- Posted by Stephen Whiteley
- On 15/04/2012
- localization, Marketing, process
In an increasingly globalised and borderless world, communicating your global message to local markets is more important than ever.
The quality of your translated content speaks volumes for your own commitment to quality and respect for local cultures. The public face of your company must respond to linguistic differences. The assumption that ‘everyone speaks English’ will in all probability end up losing you business.
A company’s marketing collateral (in the broadest sense of the term) should be one of its greatest strengths. Its brochures, advertising, webpage and product catalogues must be produced in exactly the language that its target customers speak. We have all had experiences of reading advertising copy which feels inaccurate, even if that is only because it is written in a different ‘version’ of your language.
Take English. A British consumer is unlikely to be won over by an advertising campaign which is primarily addressed to Australians. Although these two countries speak the same language, the cultural differences between them are vast. Consumers have different priorities, different values, different needs. An Australian brewer, for example, might emphasise how refreshing their product is, whilst a British beerseller might concentrate on the flavour.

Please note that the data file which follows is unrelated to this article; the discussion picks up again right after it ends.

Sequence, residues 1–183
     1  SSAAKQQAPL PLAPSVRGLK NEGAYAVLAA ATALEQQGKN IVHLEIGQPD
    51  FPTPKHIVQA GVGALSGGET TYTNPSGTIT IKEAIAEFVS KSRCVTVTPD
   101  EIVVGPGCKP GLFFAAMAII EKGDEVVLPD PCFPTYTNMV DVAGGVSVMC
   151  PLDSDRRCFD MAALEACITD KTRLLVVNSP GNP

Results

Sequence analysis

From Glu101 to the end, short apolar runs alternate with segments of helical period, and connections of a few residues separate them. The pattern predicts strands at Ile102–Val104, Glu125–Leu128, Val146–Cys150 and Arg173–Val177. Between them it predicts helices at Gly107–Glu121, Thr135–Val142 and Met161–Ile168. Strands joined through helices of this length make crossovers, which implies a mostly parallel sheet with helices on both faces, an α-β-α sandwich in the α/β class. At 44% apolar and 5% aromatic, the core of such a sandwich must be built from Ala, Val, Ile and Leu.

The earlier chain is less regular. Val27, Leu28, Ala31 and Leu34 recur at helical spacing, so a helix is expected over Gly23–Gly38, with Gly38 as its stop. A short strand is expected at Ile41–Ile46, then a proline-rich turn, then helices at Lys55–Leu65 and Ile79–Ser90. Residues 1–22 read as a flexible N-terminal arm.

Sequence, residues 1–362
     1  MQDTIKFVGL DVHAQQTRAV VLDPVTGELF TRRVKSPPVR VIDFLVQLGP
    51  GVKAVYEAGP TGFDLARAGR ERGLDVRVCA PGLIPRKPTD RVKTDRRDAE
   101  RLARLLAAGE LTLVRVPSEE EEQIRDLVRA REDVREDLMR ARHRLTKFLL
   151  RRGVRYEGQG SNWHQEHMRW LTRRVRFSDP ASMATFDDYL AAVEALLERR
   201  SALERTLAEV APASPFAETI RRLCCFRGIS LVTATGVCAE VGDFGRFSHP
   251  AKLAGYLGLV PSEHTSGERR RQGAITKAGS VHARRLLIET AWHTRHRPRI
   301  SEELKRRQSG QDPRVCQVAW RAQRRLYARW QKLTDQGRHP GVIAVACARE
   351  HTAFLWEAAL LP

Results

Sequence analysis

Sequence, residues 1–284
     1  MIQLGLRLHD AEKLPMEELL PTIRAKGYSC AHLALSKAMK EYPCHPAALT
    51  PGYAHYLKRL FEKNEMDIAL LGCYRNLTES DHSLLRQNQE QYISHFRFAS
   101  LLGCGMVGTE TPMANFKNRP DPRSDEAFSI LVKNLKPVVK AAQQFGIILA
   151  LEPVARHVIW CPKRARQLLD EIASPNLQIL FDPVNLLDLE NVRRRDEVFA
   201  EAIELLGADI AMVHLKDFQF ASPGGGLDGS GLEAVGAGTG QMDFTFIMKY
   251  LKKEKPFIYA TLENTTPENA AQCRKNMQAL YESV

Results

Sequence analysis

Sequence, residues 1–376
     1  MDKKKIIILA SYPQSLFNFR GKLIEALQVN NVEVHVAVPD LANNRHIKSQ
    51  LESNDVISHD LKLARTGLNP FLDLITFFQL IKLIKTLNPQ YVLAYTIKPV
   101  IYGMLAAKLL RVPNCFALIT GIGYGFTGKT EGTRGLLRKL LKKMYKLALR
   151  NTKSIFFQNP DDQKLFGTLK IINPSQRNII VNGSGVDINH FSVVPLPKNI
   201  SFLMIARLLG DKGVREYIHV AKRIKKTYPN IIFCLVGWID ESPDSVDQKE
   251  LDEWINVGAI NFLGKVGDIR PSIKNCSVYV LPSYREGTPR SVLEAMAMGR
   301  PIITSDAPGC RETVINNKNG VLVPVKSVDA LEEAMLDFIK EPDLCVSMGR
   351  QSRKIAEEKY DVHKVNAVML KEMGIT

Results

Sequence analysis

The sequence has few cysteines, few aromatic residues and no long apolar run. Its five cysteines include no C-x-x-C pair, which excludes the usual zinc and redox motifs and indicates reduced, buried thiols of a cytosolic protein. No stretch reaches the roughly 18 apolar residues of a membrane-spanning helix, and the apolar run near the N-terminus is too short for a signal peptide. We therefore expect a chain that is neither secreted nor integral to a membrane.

This is, of course, an extreme case. But even more subtle differences can have a serious impact.
Unlike more technical translations, absolute precision is secondary to the flow and feeling of a marketing translation. An all-too-common translation pitfall is to slip into what we call ‘translationese’. With some kinds of documentation, generally of a more technical nature, accuracy to the original is essential; when it comes to marketing collateral, however, it is fundamentally important to produce a text which reads as if it were written by a native speaker. ‘Translationese’ is when you sacrifice this clarity in order to reproduce the meaning of the original, and end up with something which is probably grammatically correct, but phrased in a way that a native speaker would never use.
Sticking with English, one small example (from the cartoon Family Guy, as it happens) illustrates this principle. In conversation, a native of the USA would always say that something cost ‘one-fifty’, but never that it cost ‘one-dollar-fifty-cents’. The second option is perfectly correct, it is just unidiomatic. This is the sort of ‘mistake’ which an inadequate or inexperienced (or non-native) translator won’t notice, but any native speaker will recognise as a translation – classic translationese!
For this and other reasons, a good language service provider (LSP) will invariably work with translators who are native speakers of the target language. In addition, during the final stage of the review process, marketing translations should be evaluated on their own merits; that is, without comparing them to the source text. Having been edited thoroughly for accuracy, a good LSP will check that all translations are phrased in a way that a native speaker would use.